The "analysis" and the separation procedure would be based on the melting point. So, (I would) try to use the melting points to separate the stearic acid from the lower temperature fractions.

Stearic acid's MP is 69.3 °C (156.7 °F)

Paraffin's MP may be as low as 37 °C (98.6 °F), but finding that grade of paraffin in your candles is unlikely. With a bit of luck, a low temperature grade of paraffin (48.3 °C (119 °F)) might show up; but more likely would be grades having a melting point of 53.3 °C (128 °F) and/or 61.1 °C (142 °F), which are common for candle making.

Step 1. Melt the candles in a pot and remove the strings. If possible, you would want to use a hot plate with accurate, good-quality temperature control.

Step 2. Insert a (candy) thermometer and a spoon or ladle in the pot (maybe a screen-type of ladle, like what is used for noodles and dumplings). You need the ladle to be warm, so that the wax doesn't freeze and stick to it when you use it to scoop out the stearic acid.

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Step 3. Reduce the heat until precipitates begin to form. This should begin to happen somewhere around 70 °C. With an open pot, the cooler surface will probably cause the top to skim over. The higher melting point fractions might be what solidify first on the top, like slag on molten steel. The first precipitates or slag should be higher in octadecanoic (stearic) acid concentration. Use the ladle to scoop/filter out the precipitates (put the stearic acid in a in another pot or a bowl). You should keep collecting precipitates until it reached about 55 °C or until it all becomes solid. Be sure to make note of the final temperature. If the temperature at which it all solidifies is at or above 60 °C, then the kind of paraffin that you have is probably not what you wanted; and it will be quite difficult to separate, and this procedure is not very useful for separating the stearic acid from the paraffin.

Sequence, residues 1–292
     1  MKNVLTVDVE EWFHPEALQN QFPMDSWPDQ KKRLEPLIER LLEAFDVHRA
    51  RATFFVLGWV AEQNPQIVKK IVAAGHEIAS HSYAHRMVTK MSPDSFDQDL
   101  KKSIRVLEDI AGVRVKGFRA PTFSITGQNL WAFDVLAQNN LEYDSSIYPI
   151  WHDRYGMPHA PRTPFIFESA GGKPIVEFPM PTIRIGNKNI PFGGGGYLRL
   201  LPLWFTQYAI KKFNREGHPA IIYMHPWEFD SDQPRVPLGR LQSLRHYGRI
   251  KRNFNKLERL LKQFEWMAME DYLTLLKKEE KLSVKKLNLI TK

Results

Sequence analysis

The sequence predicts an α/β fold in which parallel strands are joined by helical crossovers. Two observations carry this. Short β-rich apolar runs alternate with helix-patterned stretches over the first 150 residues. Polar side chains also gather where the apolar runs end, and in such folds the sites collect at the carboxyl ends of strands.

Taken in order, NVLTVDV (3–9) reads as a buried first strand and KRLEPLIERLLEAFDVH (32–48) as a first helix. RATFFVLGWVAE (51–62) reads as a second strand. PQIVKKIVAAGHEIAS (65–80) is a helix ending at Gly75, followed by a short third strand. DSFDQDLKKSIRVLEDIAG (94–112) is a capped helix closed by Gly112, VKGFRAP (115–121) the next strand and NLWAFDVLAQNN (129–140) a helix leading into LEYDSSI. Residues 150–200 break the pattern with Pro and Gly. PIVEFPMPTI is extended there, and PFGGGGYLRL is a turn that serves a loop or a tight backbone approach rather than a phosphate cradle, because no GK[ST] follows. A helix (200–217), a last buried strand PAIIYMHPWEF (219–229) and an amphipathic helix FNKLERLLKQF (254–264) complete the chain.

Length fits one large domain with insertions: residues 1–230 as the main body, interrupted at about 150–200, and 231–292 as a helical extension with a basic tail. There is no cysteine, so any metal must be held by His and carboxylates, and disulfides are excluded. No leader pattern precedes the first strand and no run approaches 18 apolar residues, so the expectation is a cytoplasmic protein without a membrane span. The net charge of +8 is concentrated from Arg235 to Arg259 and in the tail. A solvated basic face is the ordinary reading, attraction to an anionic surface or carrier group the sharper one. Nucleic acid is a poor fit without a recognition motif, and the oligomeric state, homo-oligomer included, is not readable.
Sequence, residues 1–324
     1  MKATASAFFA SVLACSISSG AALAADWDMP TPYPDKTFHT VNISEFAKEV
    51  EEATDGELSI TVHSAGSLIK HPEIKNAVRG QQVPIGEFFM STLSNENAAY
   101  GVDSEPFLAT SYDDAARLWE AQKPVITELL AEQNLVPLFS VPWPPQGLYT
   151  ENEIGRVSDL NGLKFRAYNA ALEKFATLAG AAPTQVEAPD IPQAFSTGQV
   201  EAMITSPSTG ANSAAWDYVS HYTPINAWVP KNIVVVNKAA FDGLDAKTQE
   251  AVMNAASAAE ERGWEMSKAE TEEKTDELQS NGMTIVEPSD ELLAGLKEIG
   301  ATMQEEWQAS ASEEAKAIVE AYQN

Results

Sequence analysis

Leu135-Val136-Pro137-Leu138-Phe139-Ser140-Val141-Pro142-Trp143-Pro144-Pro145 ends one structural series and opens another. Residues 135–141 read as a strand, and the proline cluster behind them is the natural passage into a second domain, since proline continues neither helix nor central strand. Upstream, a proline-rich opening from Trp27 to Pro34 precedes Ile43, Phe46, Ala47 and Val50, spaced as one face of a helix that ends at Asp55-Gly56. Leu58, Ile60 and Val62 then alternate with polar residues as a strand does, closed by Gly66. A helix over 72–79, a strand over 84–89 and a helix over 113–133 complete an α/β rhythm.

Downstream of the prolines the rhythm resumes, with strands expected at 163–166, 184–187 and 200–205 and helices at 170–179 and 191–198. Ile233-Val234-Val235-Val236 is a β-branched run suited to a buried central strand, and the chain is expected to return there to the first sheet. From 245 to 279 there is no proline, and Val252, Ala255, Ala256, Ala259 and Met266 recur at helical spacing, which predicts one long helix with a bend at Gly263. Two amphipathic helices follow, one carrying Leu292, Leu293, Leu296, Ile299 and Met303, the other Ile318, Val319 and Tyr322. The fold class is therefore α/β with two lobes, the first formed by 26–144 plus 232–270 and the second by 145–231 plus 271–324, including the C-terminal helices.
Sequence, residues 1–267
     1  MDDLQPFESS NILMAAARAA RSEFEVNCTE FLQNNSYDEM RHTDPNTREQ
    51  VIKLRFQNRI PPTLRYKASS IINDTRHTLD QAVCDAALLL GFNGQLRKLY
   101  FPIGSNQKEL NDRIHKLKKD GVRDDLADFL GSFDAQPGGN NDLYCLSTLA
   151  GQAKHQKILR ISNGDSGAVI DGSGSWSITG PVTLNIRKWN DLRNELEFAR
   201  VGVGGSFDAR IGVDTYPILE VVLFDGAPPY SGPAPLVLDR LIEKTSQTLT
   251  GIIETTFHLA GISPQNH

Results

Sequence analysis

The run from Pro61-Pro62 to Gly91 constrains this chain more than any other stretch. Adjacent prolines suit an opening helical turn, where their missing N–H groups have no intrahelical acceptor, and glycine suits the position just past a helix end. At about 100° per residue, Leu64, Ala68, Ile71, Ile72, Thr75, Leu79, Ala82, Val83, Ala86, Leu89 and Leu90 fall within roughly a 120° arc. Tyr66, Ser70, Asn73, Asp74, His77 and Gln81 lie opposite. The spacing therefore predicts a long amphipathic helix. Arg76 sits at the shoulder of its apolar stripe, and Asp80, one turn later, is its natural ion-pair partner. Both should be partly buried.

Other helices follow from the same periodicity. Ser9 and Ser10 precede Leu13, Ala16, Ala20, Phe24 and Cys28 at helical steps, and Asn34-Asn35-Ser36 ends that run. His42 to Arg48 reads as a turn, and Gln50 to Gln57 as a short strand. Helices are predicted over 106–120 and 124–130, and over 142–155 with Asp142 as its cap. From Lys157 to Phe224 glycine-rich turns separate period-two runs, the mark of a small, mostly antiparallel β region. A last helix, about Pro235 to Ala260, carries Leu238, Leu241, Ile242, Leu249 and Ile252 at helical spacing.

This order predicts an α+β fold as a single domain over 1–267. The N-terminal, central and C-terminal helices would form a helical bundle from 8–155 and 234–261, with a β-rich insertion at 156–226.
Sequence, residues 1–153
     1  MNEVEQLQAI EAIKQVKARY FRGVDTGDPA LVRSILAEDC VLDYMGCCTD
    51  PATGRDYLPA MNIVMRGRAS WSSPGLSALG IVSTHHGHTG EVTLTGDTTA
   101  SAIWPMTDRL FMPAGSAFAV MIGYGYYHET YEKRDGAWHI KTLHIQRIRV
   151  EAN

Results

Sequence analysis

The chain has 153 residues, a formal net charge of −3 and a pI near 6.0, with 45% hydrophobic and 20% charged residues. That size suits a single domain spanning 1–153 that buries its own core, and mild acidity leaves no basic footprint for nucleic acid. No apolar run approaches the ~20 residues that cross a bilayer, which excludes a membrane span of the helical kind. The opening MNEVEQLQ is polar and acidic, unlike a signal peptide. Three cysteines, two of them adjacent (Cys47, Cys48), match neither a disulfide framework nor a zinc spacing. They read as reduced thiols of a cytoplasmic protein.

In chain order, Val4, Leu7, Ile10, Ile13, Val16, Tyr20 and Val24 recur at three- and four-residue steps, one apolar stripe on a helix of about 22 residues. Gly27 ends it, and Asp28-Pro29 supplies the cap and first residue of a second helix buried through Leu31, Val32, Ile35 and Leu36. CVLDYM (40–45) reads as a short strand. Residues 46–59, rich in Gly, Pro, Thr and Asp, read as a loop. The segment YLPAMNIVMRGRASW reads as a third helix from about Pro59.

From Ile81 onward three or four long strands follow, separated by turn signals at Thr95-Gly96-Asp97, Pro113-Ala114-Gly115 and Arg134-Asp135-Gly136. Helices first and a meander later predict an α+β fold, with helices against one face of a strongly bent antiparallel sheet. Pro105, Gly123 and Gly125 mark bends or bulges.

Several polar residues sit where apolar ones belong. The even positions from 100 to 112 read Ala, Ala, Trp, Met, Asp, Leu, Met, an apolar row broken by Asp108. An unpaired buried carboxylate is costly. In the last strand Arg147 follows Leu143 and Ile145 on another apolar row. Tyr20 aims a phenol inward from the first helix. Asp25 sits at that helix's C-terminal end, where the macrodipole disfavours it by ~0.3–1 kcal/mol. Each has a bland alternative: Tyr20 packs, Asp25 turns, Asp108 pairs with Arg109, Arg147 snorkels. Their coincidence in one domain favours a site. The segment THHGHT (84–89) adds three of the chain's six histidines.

Step 4. Even if the paraffin has a low MP, this will not be a 100% perfect procedure (far from it); you will probably need to repeat the (enrichment) procedure a couple, or maybe several, times. Also, you could probably recover some (low MP) paraffin from the precipitated/enriched stearic acid filtride. It might be favorable to have a few bowls or pots which represent collections at different temperature ranges... like, for example, the first bowl would contain solids from 70 - 65 °C; the second bowl contains solids from 64 - 58 °C; and the third bowl contains solids from 57 - 52 °C.

Step 5. Measure the new MPs. A good anylysis of the cleanliness of this procedure will be to compare the MPs. A pure solution of stearic acid will melt/solidify at exactly 69.3 °C, but obtaining a pure solution in this manner, is a pretty lofty dream. So, after the stearic acid fraction has melted, let it cool and mark the temperature at which it begins to solidify and the point at which it is completely solid. If the two fractions that have been separated have distinctly different melting points, that's pretty good. Specifically regarding the paraffin, if it doesn't begin to solidify until it's below 50 °C then, great job, it's pretty clean and you obtained the low temperature paraffin that you desired!

Step 6. Depending on the cleanliness (melting point) and amount of the stearic acid that you have, you may want to try to salvage some of the paraffin from the stearic acid (filtride). I believe that this will be more difficult, and I would advise using a third pot (or second bowl) to collect the salvaged paraffin. And then work on cleaning the stearic acid out of the salvage, checking the cleanliness as in step 5, before combining the salvaged paraffin with the first "batch".

Step 7. Further chemical reactions for cleaning up the stearic acid (or converting it to soap) could be performed with better results from the enriched fractions.